Interpreting the Relationship Between Total Reserves and Bank Lending
Finding that reserves and bank lending are unrelated would suggest that there is no credit channel for monetary policy. Finding that reserves and bank lending are highly and positively associated, on the other hand, does not ipso facto mean the credit view is valid. The problem is that bank loans and total reserves may respond endogenously to the same shocks. For example, suppose there is a decline in economic activity and with it, a decline in the demand for liquid deposits, nominal interest rates and credit demand. If the Fed accommodates the decline in the demand for liquid deposits by reducing the growth of reserves, reserve growth and loan growth would be positively associated even if there was no direct association between reserves and loans.(39)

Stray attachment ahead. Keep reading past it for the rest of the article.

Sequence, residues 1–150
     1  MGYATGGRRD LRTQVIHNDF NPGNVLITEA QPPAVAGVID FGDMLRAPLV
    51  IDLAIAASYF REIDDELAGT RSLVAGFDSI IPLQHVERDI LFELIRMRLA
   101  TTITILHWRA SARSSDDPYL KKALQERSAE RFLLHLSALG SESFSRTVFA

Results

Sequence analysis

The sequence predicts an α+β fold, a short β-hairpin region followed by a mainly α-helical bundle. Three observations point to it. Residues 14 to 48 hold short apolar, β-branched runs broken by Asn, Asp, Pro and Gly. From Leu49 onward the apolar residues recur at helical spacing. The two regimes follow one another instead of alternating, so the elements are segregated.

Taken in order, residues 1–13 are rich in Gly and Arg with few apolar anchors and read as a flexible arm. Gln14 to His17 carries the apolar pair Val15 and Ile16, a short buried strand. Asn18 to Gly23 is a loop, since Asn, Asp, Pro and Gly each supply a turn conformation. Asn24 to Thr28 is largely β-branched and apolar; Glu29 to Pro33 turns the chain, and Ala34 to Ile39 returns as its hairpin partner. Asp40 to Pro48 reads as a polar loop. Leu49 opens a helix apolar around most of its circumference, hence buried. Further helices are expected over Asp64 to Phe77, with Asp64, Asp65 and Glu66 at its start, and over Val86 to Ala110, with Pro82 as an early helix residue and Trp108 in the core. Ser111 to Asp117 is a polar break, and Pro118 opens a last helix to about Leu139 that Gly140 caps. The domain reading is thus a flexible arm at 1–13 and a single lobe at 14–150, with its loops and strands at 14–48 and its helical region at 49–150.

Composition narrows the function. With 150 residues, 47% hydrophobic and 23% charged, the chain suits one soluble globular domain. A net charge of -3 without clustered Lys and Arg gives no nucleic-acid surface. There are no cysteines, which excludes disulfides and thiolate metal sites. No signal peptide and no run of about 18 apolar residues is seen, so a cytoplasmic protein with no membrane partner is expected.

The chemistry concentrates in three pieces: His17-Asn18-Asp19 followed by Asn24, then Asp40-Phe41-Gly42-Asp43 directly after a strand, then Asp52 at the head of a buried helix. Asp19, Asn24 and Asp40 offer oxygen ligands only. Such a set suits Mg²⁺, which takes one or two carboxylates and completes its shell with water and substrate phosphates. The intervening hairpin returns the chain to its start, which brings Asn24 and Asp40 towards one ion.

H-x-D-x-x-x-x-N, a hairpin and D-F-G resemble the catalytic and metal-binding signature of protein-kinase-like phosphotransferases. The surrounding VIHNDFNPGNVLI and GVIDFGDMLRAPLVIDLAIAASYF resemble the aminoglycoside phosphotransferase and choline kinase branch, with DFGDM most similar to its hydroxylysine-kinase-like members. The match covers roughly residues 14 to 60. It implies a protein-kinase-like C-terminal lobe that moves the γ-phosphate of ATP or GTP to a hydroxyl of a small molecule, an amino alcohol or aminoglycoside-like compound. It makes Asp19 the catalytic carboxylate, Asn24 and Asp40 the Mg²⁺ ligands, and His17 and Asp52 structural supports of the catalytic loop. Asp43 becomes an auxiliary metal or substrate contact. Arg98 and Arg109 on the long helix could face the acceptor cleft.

This problem is particularly accute for total reserves because total reserves consist of both borrowed and nonborrowed reserves. Borrowed reserves have tended to respond endogenously to changes in the spread between the federal funds and discount rates. Consequently, borrowed reserves and, hence, total reserves will tend to rise and fall when market interest rates are rising and falling, respectively. Because of this, some have argued that nonborrowed reserves is a better indicator of monetary policy actions than are total reserves.(40)